Equites are climbing after the S&P 500 jumped to new highs last week. Overall, markets are bullish, supported by positive economic data and inflationary environments.
Traders must view charts as a way of identifying trading opportunities. The charts will help to recognise what type of market the instrument is in. Investors will find either a strong support and resistance, where the stock is struggling to breach the ceiling and floor. The alternative is a market where the price is steadily moving higher or lower, continually making new highs and no new lows or vice versa.
A savvy trader’s dream, a novice trader’s nightmare.
The Federal Reserve sent the likelihood of a March interest rate hike up to almost 50%. Janet Yellen exuded confidence in the US economic climate, adding that it would be unwise to wait too long before increasing rates.
The Federal Reserve’s hawkish comments shot up the likelihood of rate hike in March. Additionally, US consumer prices exceeded analyst’s expectations, soaring to the highest point in four years. Despite the flurry of positive news for the US economy, the greenback is edging downwards, unimpressed by the rhetoric of a strengthened economy.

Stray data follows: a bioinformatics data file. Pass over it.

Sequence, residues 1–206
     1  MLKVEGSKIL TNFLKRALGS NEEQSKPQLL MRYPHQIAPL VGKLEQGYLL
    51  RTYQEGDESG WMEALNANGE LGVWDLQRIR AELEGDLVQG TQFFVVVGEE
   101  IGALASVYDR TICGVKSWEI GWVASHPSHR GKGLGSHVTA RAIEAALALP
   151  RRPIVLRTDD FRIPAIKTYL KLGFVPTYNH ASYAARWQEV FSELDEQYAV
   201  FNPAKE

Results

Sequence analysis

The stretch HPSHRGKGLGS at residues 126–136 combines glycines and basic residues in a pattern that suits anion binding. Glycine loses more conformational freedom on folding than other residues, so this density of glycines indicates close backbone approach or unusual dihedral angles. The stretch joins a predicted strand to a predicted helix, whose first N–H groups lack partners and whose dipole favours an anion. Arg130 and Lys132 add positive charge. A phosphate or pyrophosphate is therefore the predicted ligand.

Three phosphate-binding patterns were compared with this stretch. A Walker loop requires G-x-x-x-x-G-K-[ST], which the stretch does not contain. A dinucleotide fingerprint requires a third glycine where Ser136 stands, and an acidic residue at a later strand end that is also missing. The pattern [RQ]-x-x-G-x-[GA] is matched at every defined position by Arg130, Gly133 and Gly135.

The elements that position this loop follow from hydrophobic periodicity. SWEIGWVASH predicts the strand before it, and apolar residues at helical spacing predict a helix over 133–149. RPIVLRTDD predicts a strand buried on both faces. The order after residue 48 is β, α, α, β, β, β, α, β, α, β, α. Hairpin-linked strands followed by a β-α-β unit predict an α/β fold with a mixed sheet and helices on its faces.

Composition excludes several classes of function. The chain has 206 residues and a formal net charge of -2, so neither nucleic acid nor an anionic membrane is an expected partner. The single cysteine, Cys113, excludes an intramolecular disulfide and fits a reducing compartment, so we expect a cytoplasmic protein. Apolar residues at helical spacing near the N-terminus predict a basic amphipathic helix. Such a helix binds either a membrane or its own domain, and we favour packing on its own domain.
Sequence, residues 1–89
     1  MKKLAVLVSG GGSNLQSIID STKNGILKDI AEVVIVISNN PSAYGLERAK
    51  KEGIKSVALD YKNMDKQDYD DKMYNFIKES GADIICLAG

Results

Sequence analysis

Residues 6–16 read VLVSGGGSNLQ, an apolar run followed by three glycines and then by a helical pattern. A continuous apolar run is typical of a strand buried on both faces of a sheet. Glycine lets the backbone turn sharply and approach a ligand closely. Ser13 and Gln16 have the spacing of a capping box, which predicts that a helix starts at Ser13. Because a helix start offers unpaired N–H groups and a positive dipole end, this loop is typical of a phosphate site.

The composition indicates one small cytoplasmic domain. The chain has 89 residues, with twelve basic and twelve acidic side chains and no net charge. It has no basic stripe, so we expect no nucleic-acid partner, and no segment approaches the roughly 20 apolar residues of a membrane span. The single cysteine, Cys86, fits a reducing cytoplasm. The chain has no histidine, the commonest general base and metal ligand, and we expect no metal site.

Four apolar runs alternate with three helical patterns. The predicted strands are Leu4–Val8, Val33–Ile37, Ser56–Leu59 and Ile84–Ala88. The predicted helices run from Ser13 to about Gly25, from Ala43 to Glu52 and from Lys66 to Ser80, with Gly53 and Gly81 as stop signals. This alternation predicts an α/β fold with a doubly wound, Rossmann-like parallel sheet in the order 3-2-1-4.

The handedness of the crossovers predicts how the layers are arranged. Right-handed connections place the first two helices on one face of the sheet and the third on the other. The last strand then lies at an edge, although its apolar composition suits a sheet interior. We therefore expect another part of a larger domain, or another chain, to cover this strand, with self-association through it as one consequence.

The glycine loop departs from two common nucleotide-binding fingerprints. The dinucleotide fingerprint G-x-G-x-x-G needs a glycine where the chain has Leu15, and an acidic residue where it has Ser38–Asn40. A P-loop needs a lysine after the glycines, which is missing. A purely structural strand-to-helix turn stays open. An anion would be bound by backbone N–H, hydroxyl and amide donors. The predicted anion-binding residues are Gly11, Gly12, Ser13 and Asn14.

Stocks are rising following Federal Reserve Chair Janet Yellen’s speech yesterday. Yellen was more positive than investors were expecting, which sent US treasury prices lower. The chair noted that encouraging economic data could cause the Fed to raise rates, adding that it is unwise to wait too long to do so, or risk sending the economy into a recession.
After a public dispute broke out last week between the IMF and Brussels, Greece’s debt was dragged back into headlines.
Investors hold their breath, awaiting Janet Yellen’s speech later today. The market is subdued, following the dollar’s command as the currency drags equities lower.
After failing to predict the two biggest market movers of 2016; Brexit and the election of Donald Trump. Investors are much more wary of the populist movement brewing in France.
Japan’s GDP sent equities higher this morning. Reports showed that Japan’s GDP rose 0.2% in the fourth quarter of 2016. The growth derives from an increase in exports due to a weaker yen however, the data shows that domestic demand is lagging. Japan had a 1% GDP growth for 2016. This suggests that the Bank of Japan will not change its monetary policy in the near future.